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Follow the Filter Bubble

Yahoo’s man+machine algorithm: the numbers are in


/ August 3rd, 2011 /

So how well does personalization work, anyway?

Over at Yahoo, according to FastCompany, quite well. Since setting up their crack personalization team in 2009, clicks on Yahoo’s “Today” box have increased 270%.

That’s saying personalization makes us four more times likely to click on a link. Whether you believe personalization makes the internet more efficient, more fractured or more mind-numbing, that’s a pretty impressive number.

For those concerned about the self-looping and fragmenting effects of the filter bubble, the good news is that Yahoo’s algorithm is not entirely human-free. Editors are in charge of curating the 50-100 versions of the “Today” module that could pop up on your Yahoo home page; the bots just guide them to which stories work best and, ultimately, which take on “Today” you’ll see.

Humans are also, thankfully, still in charge of deciding when civics trumps the bottom line:

On the day Fast Company visited, President Obama was slated to give an important speech that evening on the draw down of troops in Afghanistan.The algorithm predicted that the story on the speech would do miserably with Yahoo visitors. And indeed, according to the dashboard, it wasn’t getting many takers. But the editors still flipped the override switch, ruling that the story would be shown to all visitors to the home page at least once, irrespective of what the algorithm said. It was, and Yahoo willingly took the hit on clicks. Some stories, the editors say, everyone simply needs to see.


 


One Response to “Yahoo’s man+machine algorithm: the numbers are in”

  1. Terry Milner says:

    I would love to see the same analysis Eli & Co. are applying to social networks aimed at examining the effects of the congressional redistricting schemes of the 1990′s which sought, laudably, to create more “majority minority” congressional districts. They succeeded, of course, but some argue the unintended consequence was a hard turn away from anything approaching a national consensus on important issues.

    This phenomenon is not unlike personalization on the web: reduce my political choices based on certain demographic criteria – namely the racial makeup of my neighborhood, or its predominant party affiliation – and suddenly everyone who votes at my polling place thinks much like I do, and so do the candidates. The result? Candidates that appeal to narrower and narrower constituencies, unmotivated by a need to reconcile divergent opinions.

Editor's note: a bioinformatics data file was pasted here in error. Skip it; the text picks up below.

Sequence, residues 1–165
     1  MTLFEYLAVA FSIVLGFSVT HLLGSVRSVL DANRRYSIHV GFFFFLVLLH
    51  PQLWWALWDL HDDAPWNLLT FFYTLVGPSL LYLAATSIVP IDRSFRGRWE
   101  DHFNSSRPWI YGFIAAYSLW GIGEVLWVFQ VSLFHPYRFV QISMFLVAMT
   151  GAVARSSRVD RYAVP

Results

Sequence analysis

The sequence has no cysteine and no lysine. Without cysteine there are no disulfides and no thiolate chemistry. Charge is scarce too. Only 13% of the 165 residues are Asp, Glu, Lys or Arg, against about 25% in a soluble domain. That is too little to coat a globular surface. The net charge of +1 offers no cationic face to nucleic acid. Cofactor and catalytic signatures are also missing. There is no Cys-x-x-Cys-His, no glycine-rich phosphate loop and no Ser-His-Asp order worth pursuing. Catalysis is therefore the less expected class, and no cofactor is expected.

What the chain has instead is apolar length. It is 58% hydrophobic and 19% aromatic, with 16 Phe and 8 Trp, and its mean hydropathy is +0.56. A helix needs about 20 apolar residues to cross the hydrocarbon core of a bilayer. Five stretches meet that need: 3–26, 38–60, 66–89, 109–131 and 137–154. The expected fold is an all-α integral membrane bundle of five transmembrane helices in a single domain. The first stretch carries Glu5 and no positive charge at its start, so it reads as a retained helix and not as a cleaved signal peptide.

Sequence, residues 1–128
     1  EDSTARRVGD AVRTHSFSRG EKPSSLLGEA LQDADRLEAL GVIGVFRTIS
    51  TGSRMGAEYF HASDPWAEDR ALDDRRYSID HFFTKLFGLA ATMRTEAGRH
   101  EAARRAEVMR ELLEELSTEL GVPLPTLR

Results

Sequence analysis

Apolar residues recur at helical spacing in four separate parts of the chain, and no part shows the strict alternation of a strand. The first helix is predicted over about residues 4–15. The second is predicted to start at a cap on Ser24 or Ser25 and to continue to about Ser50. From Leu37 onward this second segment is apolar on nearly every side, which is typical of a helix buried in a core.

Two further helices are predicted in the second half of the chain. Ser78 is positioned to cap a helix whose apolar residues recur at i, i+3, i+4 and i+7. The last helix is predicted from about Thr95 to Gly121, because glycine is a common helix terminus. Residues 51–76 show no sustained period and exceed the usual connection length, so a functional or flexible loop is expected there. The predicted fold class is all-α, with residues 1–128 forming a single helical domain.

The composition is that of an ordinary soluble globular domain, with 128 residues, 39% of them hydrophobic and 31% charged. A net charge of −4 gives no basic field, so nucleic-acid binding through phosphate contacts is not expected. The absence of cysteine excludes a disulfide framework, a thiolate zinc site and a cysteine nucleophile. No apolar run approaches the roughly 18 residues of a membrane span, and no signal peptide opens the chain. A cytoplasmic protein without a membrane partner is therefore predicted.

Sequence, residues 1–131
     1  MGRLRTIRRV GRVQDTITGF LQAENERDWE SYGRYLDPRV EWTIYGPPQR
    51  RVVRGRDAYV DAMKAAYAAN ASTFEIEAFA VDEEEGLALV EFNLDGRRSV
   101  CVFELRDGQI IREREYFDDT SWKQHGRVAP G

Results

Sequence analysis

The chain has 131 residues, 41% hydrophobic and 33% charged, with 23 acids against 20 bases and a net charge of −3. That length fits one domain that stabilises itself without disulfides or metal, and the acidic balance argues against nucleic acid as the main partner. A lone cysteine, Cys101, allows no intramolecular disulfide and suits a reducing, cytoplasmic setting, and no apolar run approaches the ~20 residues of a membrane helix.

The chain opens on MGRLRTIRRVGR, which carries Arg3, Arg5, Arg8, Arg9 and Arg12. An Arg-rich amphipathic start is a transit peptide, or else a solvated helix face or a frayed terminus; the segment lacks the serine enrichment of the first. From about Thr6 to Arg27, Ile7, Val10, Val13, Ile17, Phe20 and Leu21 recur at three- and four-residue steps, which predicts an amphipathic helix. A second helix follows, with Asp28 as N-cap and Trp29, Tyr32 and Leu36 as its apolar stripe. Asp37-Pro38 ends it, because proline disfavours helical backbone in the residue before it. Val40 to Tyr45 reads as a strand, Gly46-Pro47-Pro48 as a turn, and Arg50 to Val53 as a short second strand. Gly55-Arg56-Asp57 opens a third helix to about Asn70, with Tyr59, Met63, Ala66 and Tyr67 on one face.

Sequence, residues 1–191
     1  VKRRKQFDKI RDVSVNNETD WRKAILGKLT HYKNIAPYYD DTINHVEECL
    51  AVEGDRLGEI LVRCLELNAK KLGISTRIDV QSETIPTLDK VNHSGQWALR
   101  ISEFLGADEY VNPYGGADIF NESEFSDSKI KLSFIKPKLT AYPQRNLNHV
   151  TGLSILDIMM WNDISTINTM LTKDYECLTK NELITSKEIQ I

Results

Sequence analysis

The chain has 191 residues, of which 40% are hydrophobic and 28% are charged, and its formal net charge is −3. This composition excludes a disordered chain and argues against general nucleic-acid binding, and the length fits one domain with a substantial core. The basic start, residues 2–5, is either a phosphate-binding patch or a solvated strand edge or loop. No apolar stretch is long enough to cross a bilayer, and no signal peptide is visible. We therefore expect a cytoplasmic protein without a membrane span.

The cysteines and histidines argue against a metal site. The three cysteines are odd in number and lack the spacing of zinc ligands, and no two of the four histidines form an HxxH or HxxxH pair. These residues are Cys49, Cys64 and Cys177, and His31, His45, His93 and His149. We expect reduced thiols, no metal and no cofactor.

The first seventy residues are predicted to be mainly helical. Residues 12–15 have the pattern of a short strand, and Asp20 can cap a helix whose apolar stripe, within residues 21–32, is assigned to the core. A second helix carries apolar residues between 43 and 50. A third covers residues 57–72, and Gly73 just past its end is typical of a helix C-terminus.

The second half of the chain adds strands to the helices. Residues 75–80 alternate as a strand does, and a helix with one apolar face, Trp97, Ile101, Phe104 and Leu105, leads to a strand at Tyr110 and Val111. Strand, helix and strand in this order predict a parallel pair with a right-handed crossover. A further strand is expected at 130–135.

As Madison famously wrote in Federalist #10:

    “…as each representative will be chosen by a greater number of citizens in the large than in the small republic, it will be more difficult for unworthy candidates to practice with success the vicious arts by which elections are too often carried; and the suffrages of the people being more free, will be more likely to centre in men who possess the most attractive merit and the most diffusive and established characters.”

    In this case Madison was arguing for a larger electorate as the best way to dilute the power of one special interest, or an oppressive local majority, in favor of policies that favor the “public weal.” But his reasoning applies equally to the creation of “electoral bubbles” wherein an oppressive political minority (the Tea Party, e.g.) is able to wield disproportionate power because of the lack of electoral consequences for the representatives it elects. As race and ethnicity become increasingly fluid concepts in this country, progressives should look hard at whether real damage has been done to our public life and our democracy by these policies, and reconsider their usefulness. This may have been a necessary phase in our evolution, but if we want to reduce partisan deadlock in our government, the time may soon come when we must re-diversify our congressional districts or face the civic consequences of this political equivalent to the filter bubble.

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